Back in 2003 a group of scientists and scholars held a conference and issued The Berlin Declaration on open access to knowledge in the sciences and humanities. In short it proposed that research information should be published free of charge on the Internet and that all models for doing that should be investigated and sustained.
Earlier this week a group of publishers and learned societies published their own Brussels Declaration. Here is the declaration:
Brussels Declaration on STM Publishing by the international scientific, technical and medical (STM) publishing community as represented by the individual publishing houses and publishing trade associations, who have indicated their assent on the website link (it was too long a list for this blog).
Many declarations have been made about the need for particular business models in the STM information community. STM publishers have largely remained silent on these matters as the majority are agnostic about business models: what works, works.
However, despite very significant investment and a massive rise in access to scientific information, our community continues to be beset by propositions and manifestos on the practice of scholarly publishing. Unfortunately the measures proposed have largely not been investigated or tested in any evidence-based manner that would pass rigorous peer review. In the light of this, and based on over ten years experience in the economics of online publishing and our longstanding collaboration with researchers and librarians, we have decided to publish a declaration of principles which we believe to be self-evident.
1. The mission of publishers is to maximise the dissemination of knowledge through economically self-sustaining business models. We are committed to change and innovation that will make science more effective. We support academic freedom: authors should be free to choose where they publish in a healthy, undistorted free market
2. Publishers organise, manage and financially support the peer review processes of STM journals. The imprimatur that peer-reviewed journals give to accepted articles (registration, certification, dissemination and editorial improvement) is irreplaceable and fundamental to scholarship
3. Publishers launch, sustain, promote and develop journals for the benefit of the scholarly community
4. Current publisher licensing models are delivering massive rises in scholarly access to research outputs. Publishers have invested heavily to meet the challenges of digitisation and the annual 3% volume growth of the international scholarly literature, yet less than 1% of total R&D is spent on journals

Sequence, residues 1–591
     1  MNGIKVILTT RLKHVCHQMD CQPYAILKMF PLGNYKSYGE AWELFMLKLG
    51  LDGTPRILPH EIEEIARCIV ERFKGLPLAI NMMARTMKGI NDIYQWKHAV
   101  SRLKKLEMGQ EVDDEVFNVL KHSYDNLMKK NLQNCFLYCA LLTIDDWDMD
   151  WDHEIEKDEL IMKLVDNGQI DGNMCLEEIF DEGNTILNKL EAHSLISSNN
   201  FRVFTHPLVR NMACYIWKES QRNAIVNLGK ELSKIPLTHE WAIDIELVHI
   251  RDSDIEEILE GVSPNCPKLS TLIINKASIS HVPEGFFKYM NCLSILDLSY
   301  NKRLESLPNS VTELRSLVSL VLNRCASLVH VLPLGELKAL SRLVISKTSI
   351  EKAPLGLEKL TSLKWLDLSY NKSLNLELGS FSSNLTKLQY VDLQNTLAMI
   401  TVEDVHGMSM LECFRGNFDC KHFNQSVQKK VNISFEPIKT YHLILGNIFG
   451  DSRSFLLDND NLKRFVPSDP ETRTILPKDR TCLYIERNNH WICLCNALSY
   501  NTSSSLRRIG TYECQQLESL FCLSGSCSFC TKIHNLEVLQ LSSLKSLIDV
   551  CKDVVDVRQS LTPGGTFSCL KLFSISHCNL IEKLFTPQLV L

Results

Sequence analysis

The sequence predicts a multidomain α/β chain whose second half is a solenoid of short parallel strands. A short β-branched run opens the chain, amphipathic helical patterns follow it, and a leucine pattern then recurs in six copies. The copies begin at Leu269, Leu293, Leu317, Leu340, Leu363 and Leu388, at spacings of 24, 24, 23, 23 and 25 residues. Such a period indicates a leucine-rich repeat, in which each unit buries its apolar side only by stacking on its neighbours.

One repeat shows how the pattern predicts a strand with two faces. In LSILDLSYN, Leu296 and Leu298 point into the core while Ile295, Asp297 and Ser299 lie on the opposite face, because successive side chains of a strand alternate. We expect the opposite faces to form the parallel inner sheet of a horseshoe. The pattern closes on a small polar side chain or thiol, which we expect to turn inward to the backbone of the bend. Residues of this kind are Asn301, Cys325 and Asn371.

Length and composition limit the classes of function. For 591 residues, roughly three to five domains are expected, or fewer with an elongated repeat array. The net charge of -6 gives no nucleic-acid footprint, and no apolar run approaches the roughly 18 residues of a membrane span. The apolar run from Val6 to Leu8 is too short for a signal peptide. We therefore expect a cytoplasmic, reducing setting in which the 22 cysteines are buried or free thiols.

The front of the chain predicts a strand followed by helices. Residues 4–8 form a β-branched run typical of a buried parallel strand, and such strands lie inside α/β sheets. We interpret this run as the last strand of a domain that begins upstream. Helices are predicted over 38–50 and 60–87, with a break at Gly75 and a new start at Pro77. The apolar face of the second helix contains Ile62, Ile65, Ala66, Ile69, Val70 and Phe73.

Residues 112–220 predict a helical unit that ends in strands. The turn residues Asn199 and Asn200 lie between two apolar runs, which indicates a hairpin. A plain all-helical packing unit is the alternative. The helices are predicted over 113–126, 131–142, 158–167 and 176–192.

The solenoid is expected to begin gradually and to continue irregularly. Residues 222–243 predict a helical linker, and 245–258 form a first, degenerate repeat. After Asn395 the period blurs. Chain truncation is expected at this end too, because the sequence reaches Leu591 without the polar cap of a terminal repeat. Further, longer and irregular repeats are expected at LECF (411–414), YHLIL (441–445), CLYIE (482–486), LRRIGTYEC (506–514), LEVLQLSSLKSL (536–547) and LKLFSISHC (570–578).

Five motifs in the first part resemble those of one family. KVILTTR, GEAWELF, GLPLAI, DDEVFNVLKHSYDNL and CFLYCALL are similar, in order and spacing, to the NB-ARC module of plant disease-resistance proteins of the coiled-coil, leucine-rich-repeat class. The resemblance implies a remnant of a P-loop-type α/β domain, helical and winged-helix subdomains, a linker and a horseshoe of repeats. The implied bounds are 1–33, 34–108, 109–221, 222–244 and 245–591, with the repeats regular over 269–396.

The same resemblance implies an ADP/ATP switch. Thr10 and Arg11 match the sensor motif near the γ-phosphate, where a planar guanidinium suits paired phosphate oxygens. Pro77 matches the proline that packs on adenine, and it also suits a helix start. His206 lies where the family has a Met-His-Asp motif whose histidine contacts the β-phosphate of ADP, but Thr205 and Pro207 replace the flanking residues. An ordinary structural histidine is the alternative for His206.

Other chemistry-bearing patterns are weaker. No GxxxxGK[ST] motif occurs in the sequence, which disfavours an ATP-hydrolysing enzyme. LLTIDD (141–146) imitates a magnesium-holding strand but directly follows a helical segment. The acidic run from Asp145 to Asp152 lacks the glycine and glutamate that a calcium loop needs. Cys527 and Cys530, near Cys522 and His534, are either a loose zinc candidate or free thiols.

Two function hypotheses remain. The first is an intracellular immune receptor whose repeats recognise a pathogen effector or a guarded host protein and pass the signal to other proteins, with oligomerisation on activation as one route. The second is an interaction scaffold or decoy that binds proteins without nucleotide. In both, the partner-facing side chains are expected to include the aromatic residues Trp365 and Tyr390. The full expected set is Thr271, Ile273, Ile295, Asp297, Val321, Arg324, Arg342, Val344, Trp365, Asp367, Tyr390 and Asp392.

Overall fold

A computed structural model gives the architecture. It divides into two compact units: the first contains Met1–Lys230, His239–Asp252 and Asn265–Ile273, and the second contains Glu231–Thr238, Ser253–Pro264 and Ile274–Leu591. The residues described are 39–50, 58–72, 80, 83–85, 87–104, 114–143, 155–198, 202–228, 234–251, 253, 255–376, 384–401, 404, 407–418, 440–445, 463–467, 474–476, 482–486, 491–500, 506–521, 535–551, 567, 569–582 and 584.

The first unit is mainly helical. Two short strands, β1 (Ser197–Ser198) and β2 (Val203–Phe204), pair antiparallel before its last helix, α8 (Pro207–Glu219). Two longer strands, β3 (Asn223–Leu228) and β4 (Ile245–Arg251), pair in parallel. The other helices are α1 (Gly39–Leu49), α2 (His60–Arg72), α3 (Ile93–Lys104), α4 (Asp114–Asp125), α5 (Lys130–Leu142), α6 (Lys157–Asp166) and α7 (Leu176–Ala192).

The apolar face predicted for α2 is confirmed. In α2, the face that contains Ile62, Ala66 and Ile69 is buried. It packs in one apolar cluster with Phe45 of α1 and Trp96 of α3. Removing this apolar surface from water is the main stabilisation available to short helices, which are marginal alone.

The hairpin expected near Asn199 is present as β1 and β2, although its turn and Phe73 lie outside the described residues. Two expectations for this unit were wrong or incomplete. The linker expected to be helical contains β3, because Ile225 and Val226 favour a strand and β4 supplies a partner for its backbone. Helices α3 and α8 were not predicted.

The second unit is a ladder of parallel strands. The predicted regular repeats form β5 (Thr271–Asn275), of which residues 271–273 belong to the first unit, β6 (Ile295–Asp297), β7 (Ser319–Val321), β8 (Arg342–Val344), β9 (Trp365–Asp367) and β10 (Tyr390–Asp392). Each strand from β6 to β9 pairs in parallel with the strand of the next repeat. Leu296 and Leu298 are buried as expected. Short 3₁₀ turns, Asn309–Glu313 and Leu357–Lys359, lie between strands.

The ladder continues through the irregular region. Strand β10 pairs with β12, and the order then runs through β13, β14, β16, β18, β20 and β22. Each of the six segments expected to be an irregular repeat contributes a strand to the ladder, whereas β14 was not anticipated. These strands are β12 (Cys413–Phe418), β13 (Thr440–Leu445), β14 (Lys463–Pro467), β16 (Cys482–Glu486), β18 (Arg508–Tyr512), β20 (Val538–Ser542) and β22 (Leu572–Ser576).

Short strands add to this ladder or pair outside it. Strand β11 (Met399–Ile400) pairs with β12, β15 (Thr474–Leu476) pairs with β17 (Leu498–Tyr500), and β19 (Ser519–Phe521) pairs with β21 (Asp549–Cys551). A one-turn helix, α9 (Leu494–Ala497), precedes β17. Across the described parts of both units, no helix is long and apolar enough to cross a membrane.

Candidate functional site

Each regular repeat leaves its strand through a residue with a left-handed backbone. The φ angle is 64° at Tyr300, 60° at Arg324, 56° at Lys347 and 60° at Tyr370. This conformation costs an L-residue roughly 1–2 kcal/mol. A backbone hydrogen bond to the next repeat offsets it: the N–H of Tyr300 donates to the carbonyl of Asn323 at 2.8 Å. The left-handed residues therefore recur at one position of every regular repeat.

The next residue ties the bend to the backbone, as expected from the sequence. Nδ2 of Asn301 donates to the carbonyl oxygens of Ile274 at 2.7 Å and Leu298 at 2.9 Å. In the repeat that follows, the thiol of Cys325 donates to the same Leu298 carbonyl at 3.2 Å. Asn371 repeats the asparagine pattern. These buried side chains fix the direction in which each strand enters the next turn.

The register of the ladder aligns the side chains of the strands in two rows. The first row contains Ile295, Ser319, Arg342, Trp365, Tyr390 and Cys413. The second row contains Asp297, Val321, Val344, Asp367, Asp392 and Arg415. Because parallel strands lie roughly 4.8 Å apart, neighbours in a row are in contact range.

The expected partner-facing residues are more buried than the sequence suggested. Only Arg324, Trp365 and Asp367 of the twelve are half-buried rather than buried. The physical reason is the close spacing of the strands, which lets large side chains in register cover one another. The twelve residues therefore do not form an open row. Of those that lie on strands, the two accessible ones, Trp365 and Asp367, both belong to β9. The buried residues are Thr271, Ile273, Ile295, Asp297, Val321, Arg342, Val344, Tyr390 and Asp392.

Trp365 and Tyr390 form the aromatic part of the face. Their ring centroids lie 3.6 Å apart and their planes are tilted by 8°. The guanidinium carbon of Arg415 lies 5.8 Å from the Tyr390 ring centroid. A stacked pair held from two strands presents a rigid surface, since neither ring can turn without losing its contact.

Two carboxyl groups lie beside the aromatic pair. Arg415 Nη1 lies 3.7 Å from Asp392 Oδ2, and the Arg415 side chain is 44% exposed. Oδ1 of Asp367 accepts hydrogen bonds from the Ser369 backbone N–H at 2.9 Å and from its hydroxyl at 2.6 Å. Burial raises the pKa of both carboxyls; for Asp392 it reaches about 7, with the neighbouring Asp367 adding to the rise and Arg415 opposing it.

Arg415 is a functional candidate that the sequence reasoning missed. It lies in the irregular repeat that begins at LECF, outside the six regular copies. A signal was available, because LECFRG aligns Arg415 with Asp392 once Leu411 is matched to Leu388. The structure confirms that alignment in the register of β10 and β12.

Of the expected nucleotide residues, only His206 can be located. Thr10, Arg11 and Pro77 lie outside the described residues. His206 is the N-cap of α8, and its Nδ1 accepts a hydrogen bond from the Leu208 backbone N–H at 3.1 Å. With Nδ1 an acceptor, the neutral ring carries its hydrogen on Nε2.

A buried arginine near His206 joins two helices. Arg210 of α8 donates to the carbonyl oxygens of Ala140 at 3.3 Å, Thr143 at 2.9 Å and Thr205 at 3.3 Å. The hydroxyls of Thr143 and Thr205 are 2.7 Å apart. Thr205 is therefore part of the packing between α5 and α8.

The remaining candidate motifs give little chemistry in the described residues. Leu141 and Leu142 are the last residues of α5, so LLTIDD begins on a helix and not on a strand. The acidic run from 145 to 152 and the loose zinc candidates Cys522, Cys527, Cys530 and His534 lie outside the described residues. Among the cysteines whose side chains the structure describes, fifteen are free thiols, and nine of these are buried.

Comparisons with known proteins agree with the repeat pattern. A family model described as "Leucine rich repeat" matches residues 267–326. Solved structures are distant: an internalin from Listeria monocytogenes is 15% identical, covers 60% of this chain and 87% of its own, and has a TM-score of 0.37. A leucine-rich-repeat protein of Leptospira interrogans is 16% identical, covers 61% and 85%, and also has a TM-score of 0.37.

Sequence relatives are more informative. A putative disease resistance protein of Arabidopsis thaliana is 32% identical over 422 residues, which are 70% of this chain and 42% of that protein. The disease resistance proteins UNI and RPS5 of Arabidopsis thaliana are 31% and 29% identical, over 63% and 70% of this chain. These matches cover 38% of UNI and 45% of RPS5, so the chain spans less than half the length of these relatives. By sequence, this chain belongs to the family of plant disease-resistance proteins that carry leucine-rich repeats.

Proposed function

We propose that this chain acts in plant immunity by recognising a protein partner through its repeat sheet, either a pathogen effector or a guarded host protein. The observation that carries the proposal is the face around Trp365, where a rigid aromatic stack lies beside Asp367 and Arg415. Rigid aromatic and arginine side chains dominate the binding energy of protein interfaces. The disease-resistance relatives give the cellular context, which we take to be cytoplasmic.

5. Copyright protects the investment of both authors and publishers. Respect for copyright encourages the flow of information and rewards creators and entrepreneurs
6. Publishers support the creation of rights-protected archives that preserve scholarship in perpetuity
7. Raw research data should be made freely available to all researchers. Publishers encourage the public posting of the raw data outputs of research. Sets or sub-sets of data that are submitted with a paper to a journal should wherever possible be made freely accessible to other scholars
8. Publishing in all media has associated costs. Electronic publishing has costs not found in print publishing. The costs to deliver both are higher than print or electronic only.Publishing costs are the same whether funded by supply-side or demand-side models. If readers or their agents (libraries) don't fund publishing, then someone else (e.g. funding bodies, government) must
9. Open deposit of accepted manuscripts risks destabilising subscription revenues and undermining peer review. Articles have economic value for a considerable time after publication which embargo periods must reflect. At 12 months, on average, electronic articles still have 40-50% of their lifetime downloads to come. Free availability of significant proportions of a journal’s content may result in its cancellation and therefore destroy the peer review system upon which researchers and society depend
10. “One size fits all” solutions will not work. Download profiles of individual journals vary significantly across subject areas, and from journal to journal
Charkin Blog (Richard Chakin, Macmillan) 2/14/07
Posted by P. Kaufman at February 16, 2007 7:25 AM